In communities such as this one, we frequently discuss techniques that are hidden in kata. We acknowledge that the definitive application for most kata movements, if one ever existed, has been lost. We may even go so far as to point out the ineffective methods of training employed by karateka who have been irrevocably indoctrinated into the cult of unrealistic bunkai. People like Iain and other members of this forum have made great efforts to tease out possible techniques concealed in kata. They have poured over primary and secondary accounts of the various writers of kata, analyzing the styles they probably knew, their mental dispositions, their physical attributes, and other relevant qualities. If the product of their research is not accurate, it is, at the very least, highly convincing.
However, technique (I'm including kihon in this broad category) is not the only aspect of martial arts training. First of all, there are different ways to communicate technique. Some teachers insist on practicing techniques in thin air and with partners, while others promote partner training exclusively. Some encourage students to begin learning techniques slowly, only graduating to speed after becoming technically proficient and developing control--others believe that the only worthwhile training is with full speed and impact. Additionally instructors can employ a variety of conditioning techniques, drills (often to develop flow or sensitivitiy as opposed to pure technical skill), and meditations,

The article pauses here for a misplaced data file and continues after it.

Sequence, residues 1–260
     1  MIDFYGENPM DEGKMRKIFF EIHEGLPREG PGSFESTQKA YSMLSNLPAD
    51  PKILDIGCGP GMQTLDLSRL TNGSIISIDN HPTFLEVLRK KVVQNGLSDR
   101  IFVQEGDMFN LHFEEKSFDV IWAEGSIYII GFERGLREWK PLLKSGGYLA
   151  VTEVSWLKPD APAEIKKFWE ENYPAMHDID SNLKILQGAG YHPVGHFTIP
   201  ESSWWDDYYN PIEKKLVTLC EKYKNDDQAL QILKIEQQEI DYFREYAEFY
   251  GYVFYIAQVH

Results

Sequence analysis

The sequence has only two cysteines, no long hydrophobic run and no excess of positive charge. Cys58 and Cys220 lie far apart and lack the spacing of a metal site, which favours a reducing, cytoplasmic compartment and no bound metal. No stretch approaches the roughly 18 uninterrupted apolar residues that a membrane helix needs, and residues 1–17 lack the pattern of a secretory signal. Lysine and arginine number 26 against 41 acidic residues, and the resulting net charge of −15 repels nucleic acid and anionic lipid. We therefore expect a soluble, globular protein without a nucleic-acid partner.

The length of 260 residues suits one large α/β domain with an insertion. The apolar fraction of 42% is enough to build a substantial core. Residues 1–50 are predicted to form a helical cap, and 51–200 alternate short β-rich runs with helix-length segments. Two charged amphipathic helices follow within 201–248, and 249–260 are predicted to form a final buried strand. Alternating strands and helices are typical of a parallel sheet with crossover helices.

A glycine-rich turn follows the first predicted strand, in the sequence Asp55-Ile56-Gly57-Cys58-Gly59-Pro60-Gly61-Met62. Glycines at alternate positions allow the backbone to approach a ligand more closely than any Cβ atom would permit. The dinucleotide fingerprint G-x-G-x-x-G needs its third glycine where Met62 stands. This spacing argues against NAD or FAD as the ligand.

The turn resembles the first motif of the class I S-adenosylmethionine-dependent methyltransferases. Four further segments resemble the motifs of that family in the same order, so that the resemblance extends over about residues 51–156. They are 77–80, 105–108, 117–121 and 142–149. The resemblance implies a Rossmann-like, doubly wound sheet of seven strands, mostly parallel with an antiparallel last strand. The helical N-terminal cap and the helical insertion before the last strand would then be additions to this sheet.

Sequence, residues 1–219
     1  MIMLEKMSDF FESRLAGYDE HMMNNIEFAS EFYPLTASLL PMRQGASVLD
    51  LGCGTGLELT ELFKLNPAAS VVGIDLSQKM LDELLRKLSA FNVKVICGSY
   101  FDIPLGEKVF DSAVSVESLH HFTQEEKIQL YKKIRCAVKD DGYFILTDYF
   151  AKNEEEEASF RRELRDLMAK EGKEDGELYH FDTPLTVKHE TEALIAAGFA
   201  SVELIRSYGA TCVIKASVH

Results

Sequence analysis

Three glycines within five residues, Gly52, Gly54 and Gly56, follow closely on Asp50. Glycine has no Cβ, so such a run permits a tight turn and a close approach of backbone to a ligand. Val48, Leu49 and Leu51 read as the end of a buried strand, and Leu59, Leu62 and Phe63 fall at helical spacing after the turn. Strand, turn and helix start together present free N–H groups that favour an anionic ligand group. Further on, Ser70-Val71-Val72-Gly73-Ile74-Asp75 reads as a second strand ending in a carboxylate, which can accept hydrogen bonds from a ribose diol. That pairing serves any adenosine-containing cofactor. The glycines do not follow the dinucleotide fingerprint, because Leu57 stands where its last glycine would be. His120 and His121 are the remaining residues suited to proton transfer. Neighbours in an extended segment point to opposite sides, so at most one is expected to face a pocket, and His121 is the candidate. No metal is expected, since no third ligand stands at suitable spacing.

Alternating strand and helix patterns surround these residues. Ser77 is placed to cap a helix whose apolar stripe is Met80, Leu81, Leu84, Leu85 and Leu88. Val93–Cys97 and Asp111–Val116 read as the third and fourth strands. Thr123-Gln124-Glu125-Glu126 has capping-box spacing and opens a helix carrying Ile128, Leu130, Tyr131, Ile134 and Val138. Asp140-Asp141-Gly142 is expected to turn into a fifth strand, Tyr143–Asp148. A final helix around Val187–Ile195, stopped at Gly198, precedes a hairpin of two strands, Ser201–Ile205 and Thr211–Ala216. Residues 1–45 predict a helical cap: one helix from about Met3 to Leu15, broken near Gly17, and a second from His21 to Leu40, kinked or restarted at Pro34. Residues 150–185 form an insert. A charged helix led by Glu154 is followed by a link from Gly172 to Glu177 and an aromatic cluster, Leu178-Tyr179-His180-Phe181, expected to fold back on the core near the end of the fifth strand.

Here we often think of karate as being a collection of techniques passed from masters to their students, and recorded ambiguously in kata. But what of the other aspects of karate training? What do we know of the specific training methods used by Anko Itosu and Sokon Mastumura for example? Did they always train at full impact? Did they strike rocks with their bare hands? Did they incorporate drills resembling sticky hands or push hands from their kung fu tutelage? Do we even have the documentation to shed any light on this question whatsoever?
With that question posed, I would like to say that I admire the color seemingly inherent in karate. For an art that originated in such a small land, there is an immense amount of diversity among techniques and methods. Even if much of the "truth" of the masters is unknown or hidden, karateka have often succeeded in preserving a sense of diversity. I say this to explain that by inquiring as to the methods of earlier teachers, I am not condemning the brilliant drills and insights that many intructors today contribute. My question is academic in nature. :)